VIDEO: Chris Hedges Looks at Violence Against Blacks With Revolutionaries Eddie Conway, Ojore Lutalo

In this week’s episode of his TeleSUR show “Days of Revolt,” Truthdig columnist Chris Hedges speaks with former Black Panther Eddie Conway and former Black Liberation Army member Ojore Lutalo about the state’s response to the uprisings in the black community during the 1960s and ’70s and how that applies to the Black Lives Matter protests today.

“[The uprisings] definitely had an effect, and that’s what needed today in our communities because the police are back on a kick of burying us without regard, burying us without any kind of consequences,” Lutalo says. “They don’t fear us or respect us, so that’s why they do what they do.”

WATCH: VIDEO: Chris Hedges and Larry Hamm Talk Police Violence and America’s Deep-Rooted Racism

“Was your decision to go underground in an armed revolutionary movement, that’s not a decision you’d take back?” Chris asks Lutalo later in the interview.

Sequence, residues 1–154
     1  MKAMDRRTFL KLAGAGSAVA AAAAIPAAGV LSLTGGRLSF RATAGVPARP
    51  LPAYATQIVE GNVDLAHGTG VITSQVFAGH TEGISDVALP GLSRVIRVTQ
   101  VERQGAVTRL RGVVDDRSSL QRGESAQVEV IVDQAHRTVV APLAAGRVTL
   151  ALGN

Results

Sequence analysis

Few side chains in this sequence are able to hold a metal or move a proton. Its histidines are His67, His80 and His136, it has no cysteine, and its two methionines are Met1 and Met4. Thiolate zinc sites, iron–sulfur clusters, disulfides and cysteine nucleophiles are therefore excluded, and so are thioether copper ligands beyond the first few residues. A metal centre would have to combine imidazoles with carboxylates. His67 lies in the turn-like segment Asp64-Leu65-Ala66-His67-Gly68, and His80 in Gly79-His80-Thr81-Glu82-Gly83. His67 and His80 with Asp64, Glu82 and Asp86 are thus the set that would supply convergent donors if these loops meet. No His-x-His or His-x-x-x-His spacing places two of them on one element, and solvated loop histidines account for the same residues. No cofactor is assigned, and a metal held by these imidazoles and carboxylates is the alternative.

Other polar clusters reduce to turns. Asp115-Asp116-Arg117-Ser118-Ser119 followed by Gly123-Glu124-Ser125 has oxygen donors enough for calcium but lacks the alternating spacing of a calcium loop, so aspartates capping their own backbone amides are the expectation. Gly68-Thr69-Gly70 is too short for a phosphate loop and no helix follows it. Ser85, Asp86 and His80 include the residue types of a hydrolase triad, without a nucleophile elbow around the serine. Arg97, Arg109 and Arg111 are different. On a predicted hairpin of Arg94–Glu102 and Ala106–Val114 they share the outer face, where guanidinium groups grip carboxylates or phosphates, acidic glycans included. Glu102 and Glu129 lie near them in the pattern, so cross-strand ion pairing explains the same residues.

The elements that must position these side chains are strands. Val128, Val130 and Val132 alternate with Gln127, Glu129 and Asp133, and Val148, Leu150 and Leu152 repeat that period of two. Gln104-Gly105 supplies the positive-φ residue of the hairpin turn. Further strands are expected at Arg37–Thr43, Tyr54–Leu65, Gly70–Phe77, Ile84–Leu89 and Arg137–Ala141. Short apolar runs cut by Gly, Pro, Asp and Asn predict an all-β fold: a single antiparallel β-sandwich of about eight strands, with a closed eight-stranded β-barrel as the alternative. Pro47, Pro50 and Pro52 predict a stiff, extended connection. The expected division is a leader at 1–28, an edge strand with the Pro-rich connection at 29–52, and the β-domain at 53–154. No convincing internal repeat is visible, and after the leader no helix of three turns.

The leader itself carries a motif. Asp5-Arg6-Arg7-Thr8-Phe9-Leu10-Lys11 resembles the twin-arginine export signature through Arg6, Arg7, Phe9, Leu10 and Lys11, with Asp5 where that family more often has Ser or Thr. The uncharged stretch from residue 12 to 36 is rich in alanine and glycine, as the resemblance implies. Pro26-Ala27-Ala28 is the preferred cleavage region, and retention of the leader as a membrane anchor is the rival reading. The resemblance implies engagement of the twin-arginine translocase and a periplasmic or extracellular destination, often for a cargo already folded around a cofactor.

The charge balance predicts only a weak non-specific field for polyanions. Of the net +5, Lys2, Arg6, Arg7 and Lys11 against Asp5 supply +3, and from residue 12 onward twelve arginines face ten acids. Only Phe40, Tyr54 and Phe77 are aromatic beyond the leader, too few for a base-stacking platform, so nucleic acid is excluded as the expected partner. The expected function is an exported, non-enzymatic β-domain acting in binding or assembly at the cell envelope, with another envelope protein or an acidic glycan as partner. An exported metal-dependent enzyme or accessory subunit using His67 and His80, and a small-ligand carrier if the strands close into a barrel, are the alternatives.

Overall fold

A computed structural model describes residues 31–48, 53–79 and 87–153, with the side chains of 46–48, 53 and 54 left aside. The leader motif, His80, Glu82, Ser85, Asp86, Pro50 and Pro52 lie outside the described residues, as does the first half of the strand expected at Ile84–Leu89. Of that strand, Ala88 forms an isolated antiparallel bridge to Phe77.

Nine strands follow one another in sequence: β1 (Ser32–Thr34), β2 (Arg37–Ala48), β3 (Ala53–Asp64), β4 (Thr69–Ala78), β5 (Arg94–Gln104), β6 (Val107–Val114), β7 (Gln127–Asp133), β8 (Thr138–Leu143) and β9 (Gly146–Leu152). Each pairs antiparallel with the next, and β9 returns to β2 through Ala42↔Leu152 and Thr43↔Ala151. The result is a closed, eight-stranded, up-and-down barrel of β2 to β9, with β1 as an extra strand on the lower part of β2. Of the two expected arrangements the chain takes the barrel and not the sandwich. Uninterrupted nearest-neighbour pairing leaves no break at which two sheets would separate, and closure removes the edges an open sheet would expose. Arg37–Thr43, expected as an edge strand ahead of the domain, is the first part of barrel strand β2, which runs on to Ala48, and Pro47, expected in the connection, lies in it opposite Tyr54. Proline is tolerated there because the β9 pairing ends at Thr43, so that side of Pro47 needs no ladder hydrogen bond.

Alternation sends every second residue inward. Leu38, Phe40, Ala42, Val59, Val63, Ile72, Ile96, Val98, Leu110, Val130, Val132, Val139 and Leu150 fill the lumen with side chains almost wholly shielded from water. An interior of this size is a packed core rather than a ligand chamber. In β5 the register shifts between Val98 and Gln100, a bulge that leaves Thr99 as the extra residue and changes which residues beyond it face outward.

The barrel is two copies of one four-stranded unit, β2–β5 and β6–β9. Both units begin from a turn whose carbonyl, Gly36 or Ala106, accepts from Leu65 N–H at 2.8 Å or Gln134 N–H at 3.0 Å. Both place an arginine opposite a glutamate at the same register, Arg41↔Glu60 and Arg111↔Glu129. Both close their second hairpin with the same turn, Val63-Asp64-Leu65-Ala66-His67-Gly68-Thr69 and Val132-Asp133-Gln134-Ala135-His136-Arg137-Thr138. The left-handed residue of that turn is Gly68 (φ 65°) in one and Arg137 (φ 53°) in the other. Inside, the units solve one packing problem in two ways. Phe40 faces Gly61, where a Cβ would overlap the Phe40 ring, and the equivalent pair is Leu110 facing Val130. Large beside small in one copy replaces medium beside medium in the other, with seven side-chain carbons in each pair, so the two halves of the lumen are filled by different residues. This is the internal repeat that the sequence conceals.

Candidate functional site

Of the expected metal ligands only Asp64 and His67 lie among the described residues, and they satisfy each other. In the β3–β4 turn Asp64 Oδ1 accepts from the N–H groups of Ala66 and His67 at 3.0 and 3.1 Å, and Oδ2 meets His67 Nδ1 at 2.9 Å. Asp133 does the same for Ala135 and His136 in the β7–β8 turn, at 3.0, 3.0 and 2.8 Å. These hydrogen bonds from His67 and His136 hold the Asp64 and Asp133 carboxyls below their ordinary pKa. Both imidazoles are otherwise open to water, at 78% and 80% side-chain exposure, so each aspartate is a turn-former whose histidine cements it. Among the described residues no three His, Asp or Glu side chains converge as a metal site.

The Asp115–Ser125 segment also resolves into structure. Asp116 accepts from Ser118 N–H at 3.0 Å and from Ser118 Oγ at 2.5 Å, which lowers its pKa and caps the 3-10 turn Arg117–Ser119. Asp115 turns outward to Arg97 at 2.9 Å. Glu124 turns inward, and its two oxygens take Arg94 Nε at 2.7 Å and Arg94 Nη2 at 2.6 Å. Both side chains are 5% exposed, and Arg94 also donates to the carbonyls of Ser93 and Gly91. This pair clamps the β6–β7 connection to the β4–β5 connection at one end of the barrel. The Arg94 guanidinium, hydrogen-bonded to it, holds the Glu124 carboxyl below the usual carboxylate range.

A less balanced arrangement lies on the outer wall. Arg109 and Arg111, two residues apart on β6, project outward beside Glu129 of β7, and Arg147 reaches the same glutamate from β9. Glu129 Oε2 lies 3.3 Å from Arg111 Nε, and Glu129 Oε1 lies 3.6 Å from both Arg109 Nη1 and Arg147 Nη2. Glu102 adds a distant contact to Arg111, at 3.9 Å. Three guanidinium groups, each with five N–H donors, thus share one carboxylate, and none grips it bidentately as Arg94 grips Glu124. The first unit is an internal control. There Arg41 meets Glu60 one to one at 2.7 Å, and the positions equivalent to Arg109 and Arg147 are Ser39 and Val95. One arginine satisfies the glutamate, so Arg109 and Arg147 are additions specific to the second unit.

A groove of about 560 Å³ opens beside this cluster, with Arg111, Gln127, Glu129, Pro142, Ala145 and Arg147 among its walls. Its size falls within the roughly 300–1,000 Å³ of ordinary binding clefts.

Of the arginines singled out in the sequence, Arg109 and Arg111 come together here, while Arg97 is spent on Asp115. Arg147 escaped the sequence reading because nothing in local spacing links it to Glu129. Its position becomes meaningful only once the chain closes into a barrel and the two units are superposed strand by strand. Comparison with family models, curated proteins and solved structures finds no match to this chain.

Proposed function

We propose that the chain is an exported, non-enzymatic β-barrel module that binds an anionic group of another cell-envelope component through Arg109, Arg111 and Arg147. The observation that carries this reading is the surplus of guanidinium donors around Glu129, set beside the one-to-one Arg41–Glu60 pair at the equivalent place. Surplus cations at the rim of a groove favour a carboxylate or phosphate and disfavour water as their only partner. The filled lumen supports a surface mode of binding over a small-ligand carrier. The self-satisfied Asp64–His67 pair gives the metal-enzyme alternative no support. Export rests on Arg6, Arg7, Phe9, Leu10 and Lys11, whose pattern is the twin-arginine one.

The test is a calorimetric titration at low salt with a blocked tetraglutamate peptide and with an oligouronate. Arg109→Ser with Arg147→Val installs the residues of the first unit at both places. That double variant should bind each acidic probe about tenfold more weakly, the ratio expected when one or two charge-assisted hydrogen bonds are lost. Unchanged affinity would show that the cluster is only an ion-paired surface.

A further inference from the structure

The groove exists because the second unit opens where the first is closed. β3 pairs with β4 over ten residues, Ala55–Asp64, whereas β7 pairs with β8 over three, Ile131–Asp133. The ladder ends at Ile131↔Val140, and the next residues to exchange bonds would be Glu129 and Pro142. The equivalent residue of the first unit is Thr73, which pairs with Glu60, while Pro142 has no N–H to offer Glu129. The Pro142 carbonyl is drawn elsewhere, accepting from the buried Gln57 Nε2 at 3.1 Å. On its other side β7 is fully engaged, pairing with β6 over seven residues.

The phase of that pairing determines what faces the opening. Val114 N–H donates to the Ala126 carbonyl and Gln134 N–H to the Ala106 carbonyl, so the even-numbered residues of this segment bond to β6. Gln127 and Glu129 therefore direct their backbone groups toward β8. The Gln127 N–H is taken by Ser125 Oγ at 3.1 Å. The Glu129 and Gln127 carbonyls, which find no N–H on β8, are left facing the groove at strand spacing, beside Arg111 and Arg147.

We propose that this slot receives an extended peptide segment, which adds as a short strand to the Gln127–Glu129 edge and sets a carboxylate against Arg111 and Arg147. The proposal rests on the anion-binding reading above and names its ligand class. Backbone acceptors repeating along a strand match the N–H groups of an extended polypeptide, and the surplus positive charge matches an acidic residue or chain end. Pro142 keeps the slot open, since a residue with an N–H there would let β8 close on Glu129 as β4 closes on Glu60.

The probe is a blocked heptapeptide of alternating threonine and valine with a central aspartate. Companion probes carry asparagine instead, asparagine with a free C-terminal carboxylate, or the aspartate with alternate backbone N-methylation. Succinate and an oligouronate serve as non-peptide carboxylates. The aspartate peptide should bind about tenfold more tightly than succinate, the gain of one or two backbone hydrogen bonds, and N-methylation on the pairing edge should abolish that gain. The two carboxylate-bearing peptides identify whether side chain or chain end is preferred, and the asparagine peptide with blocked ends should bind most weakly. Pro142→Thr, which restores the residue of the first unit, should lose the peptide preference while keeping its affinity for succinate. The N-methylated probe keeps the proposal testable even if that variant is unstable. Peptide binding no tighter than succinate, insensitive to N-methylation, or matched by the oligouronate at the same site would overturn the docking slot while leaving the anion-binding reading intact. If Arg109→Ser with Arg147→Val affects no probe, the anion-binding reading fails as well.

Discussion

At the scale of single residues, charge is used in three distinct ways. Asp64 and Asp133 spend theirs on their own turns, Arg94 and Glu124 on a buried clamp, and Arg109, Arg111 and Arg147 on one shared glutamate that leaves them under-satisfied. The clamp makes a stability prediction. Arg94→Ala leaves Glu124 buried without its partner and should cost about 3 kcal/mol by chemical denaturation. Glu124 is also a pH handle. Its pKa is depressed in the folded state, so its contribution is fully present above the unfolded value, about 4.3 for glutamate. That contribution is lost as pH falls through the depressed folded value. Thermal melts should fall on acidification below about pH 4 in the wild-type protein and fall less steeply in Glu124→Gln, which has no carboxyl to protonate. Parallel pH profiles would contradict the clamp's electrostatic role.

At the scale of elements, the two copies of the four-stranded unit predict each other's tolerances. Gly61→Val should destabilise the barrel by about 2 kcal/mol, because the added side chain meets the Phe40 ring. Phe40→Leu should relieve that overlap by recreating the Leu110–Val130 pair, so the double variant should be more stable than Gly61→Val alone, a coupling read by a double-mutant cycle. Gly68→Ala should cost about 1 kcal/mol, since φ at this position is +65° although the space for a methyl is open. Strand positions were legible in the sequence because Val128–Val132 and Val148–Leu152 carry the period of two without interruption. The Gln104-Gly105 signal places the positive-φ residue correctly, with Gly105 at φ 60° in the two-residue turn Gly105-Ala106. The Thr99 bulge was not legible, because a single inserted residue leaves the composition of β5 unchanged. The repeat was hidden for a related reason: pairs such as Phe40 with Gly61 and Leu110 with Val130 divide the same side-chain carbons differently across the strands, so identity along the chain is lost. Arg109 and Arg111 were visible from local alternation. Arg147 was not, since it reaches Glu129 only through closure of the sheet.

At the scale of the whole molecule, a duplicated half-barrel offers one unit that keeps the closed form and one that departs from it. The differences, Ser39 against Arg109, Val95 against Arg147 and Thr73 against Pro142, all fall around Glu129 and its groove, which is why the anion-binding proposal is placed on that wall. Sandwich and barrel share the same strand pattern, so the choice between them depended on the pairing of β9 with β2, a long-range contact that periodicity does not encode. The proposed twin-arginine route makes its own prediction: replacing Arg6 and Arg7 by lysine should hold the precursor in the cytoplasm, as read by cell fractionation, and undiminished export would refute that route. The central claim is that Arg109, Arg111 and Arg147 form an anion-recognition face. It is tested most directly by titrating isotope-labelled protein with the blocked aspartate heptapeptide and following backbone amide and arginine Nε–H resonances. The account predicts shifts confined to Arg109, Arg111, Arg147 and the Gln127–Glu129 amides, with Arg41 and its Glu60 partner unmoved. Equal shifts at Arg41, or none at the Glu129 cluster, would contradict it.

“No, because I’m still being oppressed,” Lutalo explains. “I don’t have a choice in the matter. Either, like I just said, I can remain a slave or rebel. I chose to rebel.”

Conway, a political prisoner who spent 44 years behind bars before being released in 2014, says the lessons he’s learned are applicable to today’s protests against the violence and police brutality in the black community.

“Well, what I think of the things that we have learned, hopefully that we have learned, is that you have to organize in the communities, community by community, and you have to try and do it legitimately,” Conway says. “You have to recognize that you can still be framed. I’m an example of that. But in the face of all that, the alternative is to accept the fact that it’s not just violence being committed by the police or law enforcement elements or others kind of elements against individuals, it’s massive violence by the capitalist system itself on the population. …”

“The houses are collapsing, the hope is gone, the poverty is there,” he adds. “I mean, that’s violence, all that is violence. And it’s violence that will destroy a people. It’s violence that almost rises to the point of genocide. …”

Watch the complete interview below:


–Posted by Jenna Berbeo

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